- The Washington Times - Monday, June 22, 2009

BALTIMORE (AP) — A developer who once dated Baltimore Mayor Sheila Dixon and was later charged in a probe of her finances pleaded guilty Monday to a lesser conspiracy count as part of plea bargain agreement that requires his cooperation in other cases.

Ronald Lipscomb pleaded guilty to conspiracy to violate campaign finance law just before his bribery trial was to begin. In exchange for the plea and his cooperation, prosecutors agreed not to prosecute the bribery charge against the developer, who was accused of paying for a poll for City Councilwoman Helen Holton in exchange for her help securing tax breaks.

State Prosecutor Robert Rohrbaugh would not comment on Lipscomb’s cooperation or whether other charges will be filed, saying only that Lipscomb would testify at trial or before a grand jury if necessary.

“All I can tell you is the investigators are working and they will follow the evidence where it leads,” Rohrbaugh said.

Lipscomb’s attorney, Gerard Martin, said his client should have known paying for the poll violated campaign finance law limit of $4,000 per person per candidate during each four-year campaign cycle. The attorney said he was confident prosecutors couldn’t prove their bribery case, but the campaign violation would have come out in testimony.

“It’s a good deal, it’s what would have happened if we tried the case,” Martin said. “This is a win-win for both sides.”

The attorney said Lipscomb, 53, was relieved to have the case behind him.

“He’s buying some peace and doing it with, in essence, what he would have to do anyway,” Martin said.

Under the plea bargain, prosecutors will recommend one year of probation, a maximum fine of $25,000 and 100 hours of community service at sentencing Oct. 22. He must also cooperate with prosecutors in other cases.

Charges against Holton were dismissed after the defense argued she has legislative immunity. Prosecutors indicated earlier that they planned to appeal that decision. Holton’s attorney questioned Monday how the state could go forward with such an appeal after agreeing not to prosecute the bribery charge against Lipscomb.

“The state’s dismissal of the bribery charge and the filing of the political contribution charge demonstrate what we have said all along,” Holton attorney Joshua Treem said. “That this was not a case of bribery, it never was, and the state has finally acknowledged that.”

A judge dismissed some charges against Dixon, including perjury and misconduct in office for allegedly failing to disclose gifts from Lipscomb. Dixon still faces charges of theft and misconduct in office for allegedly taking gift cards meant for the poor.

Dixon attorney Arnold Weiner said the case did not involve the mayor and if Lipscomb is called to testify again “and if he tells the truth, there’s no reason for anyone to have any concerns.”

The agreement not to charge Lipscomb also extends to employees of several of Lipscomb’s companies, but only to the extent the state had knowledge of the facts of any charges at the time of the agreement or becomes aware of them through Lipscomb’s cooperation.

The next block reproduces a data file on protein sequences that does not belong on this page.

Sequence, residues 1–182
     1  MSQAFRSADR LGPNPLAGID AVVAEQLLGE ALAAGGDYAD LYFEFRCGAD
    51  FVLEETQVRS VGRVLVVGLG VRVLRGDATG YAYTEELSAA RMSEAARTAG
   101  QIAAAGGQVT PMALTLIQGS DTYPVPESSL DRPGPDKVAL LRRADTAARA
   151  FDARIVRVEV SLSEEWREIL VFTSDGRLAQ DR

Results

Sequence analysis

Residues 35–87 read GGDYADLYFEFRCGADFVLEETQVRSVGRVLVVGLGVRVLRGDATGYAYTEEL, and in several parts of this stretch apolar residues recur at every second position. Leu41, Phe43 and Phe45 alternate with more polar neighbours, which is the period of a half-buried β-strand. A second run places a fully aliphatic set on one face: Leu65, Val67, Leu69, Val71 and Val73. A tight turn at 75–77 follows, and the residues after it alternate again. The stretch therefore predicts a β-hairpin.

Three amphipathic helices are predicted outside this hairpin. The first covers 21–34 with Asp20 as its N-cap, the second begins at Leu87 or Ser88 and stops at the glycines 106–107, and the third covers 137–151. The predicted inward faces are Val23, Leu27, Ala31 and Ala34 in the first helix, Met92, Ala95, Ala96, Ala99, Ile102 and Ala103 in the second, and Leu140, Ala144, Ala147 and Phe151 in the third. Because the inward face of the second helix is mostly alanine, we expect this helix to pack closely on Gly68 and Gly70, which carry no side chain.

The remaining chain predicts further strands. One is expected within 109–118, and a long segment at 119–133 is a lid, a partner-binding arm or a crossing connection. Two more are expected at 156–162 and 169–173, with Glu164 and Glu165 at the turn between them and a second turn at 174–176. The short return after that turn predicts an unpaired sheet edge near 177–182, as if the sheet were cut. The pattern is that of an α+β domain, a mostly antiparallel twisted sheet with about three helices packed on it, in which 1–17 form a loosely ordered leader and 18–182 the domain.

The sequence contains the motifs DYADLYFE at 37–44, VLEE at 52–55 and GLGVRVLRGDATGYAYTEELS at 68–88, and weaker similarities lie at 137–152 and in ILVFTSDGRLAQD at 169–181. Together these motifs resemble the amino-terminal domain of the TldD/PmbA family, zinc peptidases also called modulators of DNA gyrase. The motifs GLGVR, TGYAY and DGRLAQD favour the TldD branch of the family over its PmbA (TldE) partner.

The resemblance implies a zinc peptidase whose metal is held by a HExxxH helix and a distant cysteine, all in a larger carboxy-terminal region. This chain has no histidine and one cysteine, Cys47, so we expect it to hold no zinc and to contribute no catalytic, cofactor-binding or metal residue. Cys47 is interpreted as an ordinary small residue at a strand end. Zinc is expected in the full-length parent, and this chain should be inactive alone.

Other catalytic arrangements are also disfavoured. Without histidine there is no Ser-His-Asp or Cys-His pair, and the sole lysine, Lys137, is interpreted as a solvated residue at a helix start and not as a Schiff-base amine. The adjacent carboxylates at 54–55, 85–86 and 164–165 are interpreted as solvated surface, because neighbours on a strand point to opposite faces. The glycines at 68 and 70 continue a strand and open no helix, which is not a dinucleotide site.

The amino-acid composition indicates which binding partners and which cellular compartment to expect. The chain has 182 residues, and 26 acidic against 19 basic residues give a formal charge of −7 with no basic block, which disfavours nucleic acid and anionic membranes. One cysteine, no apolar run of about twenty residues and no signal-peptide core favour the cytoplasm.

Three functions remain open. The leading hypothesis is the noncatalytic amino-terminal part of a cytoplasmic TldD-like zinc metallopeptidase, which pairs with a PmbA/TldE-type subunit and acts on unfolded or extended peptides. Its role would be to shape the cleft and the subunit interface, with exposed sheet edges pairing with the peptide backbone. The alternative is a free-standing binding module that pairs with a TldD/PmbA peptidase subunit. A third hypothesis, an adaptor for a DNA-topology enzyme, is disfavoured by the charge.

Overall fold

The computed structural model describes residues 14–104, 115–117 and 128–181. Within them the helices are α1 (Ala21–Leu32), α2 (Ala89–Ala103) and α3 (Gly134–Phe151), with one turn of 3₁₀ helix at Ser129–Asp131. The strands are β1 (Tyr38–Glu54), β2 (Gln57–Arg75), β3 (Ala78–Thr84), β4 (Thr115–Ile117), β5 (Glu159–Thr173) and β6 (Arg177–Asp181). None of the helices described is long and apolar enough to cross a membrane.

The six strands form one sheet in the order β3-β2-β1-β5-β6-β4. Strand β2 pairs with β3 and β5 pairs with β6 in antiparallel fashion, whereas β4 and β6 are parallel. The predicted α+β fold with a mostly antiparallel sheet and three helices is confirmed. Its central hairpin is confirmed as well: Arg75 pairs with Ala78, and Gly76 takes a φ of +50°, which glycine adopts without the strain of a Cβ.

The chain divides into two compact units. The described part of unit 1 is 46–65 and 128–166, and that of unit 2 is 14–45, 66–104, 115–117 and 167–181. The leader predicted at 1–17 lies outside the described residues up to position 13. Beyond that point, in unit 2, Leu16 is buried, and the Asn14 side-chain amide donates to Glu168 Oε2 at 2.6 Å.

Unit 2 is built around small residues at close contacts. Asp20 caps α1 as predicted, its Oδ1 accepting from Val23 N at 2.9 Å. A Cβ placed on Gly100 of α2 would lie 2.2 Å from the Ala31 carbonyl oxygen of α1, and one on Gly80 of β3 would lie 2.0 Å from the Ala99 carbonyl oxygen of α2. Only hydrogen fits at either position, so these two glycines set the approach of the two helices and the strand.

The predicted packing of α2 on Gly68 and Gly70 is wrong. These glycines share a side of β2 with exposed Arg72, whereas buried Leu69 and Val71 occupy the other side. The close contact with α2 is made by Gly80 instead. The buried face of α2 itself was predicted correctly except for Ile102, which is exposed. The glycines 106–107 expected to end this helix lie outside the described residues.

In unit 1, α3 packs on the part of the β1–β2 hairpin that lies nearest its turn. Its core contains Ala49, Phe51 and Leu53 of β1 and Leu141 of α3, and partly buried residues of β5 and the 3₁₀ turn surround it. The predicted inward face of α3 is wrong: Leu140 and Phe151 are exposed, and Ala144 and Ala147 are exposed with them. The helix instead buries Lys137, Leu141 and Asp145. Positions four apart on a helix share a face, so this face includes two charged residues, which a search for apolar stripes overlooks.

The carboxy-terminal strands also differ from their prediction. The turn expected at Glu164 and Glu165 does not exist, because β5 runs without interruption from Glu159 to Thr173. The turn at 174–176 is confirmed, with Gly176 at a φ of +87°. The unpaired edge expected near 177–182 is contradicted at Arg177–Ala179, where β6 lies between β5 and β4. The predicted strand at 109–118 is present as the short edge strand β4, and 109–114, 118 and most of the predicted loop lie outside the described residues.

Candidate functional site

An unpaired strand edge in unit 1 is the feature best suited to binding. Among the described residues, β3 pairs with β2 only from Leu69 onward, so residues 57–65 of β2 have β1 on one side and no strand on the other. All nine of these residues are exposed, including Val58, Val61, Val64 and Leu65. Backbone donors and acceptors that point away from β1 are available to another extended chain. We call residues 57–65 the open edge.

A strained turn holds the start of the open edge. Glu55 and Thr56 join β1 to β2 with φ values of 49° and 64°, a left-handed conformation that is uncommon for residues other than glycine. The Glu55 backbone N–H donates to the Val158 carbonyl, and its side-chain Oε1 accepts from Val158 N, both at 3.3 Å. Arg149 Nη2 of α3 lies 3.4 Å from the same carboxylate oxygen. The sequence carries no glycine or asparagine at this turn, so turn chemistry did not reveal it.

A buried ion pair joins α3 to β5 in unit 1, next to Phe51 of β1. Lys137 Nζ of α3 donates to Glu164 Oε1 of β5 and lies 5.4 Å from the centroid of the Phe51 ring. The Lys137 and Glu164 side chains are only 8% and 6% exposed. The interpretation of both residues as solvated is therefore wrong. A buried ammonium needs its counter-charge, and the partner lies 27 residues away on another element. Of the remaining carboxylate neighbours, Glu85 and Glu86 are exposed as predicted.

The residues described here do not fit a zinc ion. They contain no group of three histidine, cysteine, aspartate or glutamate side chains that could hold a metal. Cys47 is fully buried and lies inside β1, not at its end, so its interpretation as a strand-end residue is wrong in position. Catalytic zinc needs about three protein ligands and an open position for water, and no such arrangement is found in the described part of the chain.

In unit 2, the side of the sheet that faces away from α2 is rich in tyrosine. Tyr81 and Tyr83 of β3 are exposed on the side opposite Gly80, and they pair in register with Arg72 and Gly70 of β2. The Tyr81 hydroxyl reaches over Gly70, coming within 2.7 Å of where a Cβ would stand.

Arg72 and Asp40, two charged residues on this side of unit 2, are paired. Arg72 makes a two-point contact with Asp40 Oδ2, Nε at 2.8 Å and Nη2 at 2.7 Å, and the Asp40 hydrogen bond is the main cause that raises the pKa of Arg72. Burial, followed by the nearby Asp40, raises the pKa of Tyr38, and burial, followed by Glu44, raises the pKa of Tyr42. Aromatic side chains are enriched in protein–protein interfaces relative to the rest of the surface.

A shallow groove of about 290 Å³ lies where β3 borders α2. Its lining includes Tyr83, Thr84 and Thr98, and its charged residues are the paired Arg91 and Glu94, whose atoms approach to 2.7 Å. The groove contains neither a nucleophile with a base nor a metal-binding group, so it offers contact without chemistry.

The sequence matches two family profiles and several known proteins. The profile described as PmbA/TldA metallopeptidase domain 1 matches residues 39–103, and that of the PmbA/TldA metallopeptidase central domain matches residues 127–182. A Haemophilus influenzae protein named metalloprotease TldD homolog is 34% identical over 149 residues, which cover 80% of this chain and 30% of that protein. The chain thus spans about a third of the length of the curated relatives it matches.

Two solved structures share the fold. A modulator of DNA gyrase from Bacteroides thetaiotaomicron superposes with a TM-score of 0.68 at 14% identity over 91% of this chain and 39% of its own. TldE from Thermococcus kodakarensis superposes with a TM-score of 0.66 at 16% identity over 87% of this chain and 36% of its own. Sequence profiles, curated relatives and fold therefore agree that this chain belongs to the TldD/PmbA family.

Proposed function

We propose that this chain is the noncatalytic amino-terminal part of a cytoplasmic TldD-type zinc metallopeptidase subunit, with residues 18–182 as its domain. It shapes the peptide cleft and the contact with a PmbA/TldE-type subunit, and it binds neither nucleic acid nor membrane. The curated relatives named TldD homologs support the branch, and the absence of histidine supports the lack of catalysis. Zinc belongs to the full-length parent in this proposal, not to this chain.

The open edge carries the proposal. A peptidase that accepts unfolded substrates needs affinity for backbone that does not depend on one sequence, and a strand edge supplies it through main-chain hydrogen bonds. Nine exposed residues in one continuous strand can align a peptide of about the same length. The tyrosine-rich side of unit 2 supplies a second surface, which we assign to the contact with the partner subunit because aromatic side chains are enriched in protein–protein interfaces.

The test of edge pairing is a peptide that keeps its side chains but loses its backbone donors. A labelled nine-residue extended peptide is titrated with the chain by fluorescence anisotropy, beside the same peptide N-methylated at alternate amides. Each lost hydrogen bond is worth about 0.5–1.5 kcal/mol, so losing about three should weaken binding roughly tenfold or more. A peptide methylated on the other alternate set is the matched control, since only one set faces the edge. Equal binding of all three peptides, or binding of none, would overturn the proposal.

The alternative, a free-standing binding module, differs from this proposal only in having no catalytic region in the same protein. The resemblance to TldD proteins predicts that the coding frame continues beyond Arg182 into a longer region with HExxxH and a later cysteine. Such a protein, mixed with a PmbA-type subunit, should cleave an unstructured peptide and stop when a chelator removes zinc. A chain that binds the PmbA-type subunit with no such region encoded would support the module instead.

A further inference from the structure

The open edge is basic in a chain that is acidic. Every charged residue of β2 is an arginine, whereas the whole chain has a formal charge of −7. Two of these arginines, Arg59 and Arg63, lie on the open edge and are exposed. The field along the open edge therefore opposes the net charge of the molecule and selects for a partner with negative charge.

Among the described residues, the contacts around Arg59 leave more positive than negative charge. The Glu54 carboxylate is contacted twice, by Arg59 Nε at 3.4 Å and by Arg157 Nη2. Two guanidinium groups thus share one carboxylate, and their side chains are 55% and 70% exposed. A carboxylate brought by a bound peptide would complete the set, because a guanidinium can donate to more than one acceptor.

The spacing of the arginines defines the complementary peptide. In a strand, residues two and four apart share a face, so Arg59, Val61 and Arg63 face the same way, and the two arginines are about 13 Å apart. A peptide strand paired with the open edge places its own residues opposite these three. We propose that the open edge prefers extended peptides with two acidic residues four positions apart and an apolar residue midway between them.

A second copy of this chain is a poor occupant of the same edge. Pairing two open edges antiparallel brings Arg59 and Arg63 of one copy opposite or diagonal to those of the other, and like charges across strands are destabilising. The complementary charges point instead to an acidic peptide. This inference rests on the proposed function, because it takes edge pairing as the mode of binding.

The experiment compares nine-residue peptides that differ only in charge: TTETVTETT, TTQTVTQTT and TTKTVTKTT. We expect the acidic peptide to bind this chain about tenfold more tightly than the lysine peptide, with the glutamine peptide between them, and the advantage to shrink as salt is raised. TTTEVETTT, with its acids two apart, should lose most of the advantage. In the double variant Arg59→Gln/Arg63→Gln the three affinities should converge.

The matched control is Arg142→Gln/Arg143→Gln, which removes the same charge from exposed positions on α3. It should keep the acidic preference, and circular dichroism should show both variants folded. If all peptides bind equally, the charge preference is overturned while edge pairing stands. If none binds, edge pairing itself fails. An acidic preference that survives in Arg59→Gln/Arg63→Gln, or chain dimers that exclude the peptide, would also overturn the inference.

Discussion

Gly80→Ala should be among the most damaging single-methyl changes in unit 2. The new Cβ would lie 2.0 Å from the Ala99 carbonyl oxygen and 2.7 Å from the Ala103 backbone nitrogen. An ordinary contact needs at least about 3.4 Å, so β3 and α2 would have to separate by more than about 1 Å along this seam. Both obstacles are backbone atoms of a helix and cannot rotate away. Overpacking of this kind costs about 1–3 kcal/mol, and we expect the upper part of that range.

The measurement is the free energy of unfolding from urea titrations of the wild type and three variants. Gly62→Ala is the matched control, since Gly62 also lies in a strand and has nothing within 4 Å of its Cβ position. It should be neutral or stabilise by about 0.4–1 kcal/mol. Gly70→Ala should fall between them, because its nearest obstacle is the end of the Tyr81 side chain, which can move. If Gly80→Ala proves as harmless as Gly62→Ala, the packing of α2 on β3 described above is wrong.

A statement of facts in the case show the poll was proposed in July 2007 by Ronald Lester of Lester and Associates. The court record shows Holton’s campaign manager, Travis Tazalaar, was reluctant at first to commission the survey which he did not believe was necessary and required money that could be better used in other ways. Holton told him she would get Lipscomb, bakery magnate and Inner Harbor East developer John Paterakis, and a third person, who Lester could not recall, to pay for the poll, according to the statement of facts.

Holton later met with Paterakis and Lipscomb, who agreed to pay for the survey, the statement said.

Lipscomb paid for the $12,500 survey with a check from his Doracon Contracting company and was reimbursed $6,000 by J&B Associates, a check that appears to have Paterakis’ signature, the statement said.

Martin said he would have tried to call Paterakis as a witness if the case had gone to trial. Martin said he would not comment on the Dixon case and refused to characterize Lipscomb’s cooperation as testifying against anyone, saying he would testify as to what had happened.

Lipscomb is one of the city’s most prominent minority contractors and his company, Doracon Contracting Inc., has played a role as a developer or contractor in dozens of high-profile projects, including a Hilton hotel next to the Baltimore Convention Center and the Zenith, a sleek, 21-story luxury apartment building.

Martin said in a statement that Holton always supported the tax breaks for an Inner Harbor East office tower, which kept investment firm Legg Mason in the city, and the poll did not influence her vote. Lipscomb was a partner with Paterakis in the project.

Prosecutors said in their indictment of Dixon, who has admitted having a brief relationship with Lipscomb and exchanging gifts with him, that she called an unnamed developer, who later turned out to be Lipscomb, and asked for $500 in gift cards which would be donated to needy families.

“He bought some gift cards, that’s pretty much it,” Martin said, adding he didn’t know if more charges would be filed. “That’s up to Mr. Rohrbaugh.”

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